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What Everyone Must Know about Antioxidants and Cancer Treatment: Part 1

What Everyone Must Know about Antioxidants and Cancer Treatment: Part 1

January 2, 2014 | Author: Susan Silberstein PhD
strawberries in a bowl

Q: I have been taking antioxidant supplements, but my oncologist doesn’t want me to take them because antioxidants can decrease the effectiveness of chemo and radiation. Do you agree?

A: Frankly, the overwhelming body of evidence on antioxidants and cancer concludes that they are helpful, not detrimental.

In a thorough literature review entitled “Should Cancer Patients Undergoing Chemotherapy and Radiation Take Antioxidants?” Ralph Moss, PhD, summarizes the weight of scientific evidence in favor of antioxidants. He also points out that there are several radio-protective and chemo-protective agents that are widely used in conventional oncology whose principle mode of action is through antioxidation! Moss concludes: “A blanket rejection of concurrent use of antioxidants…serves neither the scientific community nor the burgeoning population of cancer patients.”

One excellent article on antioxidant use in cancer therapy was written by doctors from the Tahoma Clinic in Kent, Washington, and appeared in the Alternative Medicine Review in 1999. Tahoma Clinic has a long history of providing effective treatments based on natural therapies, both for patients undergoing conventional treatments and for conditions unresponsive to conventional treatment. As the authors explain:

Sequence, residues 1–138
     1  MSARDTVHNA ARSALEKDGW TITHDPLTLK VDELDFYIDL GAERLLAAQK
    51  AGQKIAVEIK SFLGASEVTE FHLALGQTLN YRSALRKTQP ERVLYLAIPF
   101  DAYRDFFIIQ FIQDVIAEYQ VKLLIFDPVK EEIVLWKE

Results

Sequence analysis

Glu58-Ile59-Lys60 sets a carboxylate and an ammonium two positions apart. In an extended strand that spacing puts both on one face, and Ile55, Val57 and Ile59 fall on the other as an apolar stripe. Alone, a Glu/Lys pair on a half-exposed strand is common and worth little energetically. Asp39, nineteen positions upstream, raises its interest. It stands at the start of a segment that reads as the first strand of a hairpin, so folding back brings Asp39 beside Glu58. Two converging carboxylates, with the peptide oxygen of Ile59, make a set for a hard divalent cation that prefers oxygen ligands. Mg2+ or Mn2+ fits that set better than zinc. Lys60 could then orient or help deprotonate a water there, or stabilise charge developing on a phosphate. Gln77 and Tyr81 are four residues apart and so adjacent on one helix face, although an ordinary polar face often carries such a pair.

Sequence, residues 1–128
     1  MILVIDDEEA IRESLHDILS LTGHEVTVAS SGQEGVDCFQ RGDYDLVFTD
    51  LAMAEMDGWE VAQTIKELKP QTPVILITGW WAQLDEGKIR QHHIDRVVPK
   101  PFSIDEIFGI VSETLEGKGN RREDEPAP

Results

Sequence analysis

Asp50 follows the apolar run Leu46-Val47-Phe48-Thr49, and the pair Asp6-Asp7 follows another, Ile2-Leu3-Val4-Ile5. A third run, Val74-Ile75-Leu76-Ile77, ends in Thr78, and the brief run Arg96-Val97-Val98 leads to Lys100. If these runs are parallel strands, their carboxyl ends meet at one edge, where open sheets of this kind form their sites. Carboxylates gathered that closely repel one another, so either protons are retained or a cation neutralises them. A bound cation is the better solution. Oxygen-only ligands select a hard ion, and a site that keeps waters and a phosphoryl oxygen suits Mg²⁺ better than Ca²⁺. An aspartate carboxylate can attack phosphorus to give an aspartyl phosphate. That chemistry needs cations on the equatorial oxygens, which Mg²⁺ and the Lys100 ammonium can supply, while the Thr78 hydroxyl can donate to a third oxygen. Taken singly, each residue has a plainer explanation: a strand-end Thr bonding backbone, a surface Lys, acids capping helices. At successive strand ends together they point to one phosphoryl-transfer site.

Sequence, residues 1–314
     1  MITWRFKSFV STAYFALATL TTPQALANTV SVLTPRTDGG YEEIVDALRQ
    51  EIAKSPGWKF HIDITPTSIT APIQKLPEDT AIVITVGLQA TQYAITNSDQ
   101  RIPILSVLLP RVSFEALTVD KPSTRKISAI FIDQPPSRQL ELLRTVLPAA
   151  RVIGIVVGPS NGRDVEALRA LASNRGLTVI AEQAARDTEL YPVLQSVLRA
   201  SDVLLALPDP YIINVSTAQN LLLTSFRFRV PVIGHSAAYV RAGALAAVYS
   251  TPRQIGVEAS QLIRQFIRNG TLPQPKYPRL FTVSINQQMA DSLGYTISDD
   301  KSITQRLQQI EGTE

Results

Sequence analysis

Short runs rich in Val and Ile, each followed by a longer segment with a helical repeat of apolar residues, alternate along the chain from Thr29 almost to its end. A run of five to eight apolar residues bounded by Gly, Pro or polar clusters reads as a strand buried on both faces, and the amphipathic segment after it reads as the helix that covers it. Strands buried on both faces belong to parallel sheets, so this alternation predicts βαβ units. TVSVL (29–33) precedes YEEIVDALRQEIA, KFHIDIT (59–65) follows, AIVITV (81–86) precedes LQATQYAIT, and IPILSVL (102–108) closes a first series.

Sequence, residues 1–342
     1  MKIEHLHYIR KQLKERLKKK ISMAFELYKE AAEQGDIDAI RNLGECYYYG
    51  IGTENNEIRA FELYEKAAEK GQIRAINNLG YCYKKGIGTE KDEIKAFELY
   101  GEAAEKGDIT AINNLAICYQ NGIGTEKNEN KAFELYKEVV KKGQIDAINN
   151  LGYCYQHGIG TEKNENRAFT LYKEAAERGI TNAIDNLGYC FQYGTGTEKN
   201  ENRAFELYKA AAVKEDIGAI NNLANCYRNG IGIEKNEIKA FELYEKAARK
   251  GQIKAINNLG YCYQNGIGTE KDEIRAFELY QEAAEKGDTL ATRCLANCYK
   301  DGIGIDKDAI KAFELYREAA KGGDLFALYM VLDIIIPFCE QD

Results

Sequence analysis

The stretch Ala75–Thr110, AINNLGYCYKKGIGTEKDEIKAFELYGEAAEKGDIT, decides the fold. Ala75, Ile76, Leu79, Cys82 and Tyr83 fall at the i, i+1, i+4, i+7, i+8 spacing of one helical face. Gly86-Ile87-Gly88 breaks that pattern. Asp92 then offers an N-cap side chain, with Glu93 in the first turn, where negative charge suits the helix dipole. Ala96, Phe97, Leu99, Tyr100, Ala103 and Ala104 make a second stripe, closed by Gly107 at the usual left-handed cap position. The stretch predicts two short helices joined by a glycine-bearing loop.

There is a concern that antioxidants might reduce oxidizing free radicals created by radiotherapy and some forms of chemotherapy, and thereby decrease the effectiveness of the therapy…. Evidence reviewed here demonstrates [that]antioxidants alone produce beneficial effects in various cancers, and both animal and human studies demonstrated no reduction in efficacy of chemotherapy or radiation when given with antioxidants. In fact, considerable data exists showing increased effectiveness of many cancer therapeutic agents, as well as a decrease in adverse effects, when given concurrently with antioxidants. (

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[1] Moss RW. Should Patients Undergoing Radiation and Chemotherapy Take Antioxidants? Cancer Communications, 2005:29.

[2] Lamson and Brignall. .Antioxidants in Cancer Therapy: Their Actions and Interactions with Oncologic Therapies, Alternative Medicine Review
(1999 Oct 4(5): 304-29)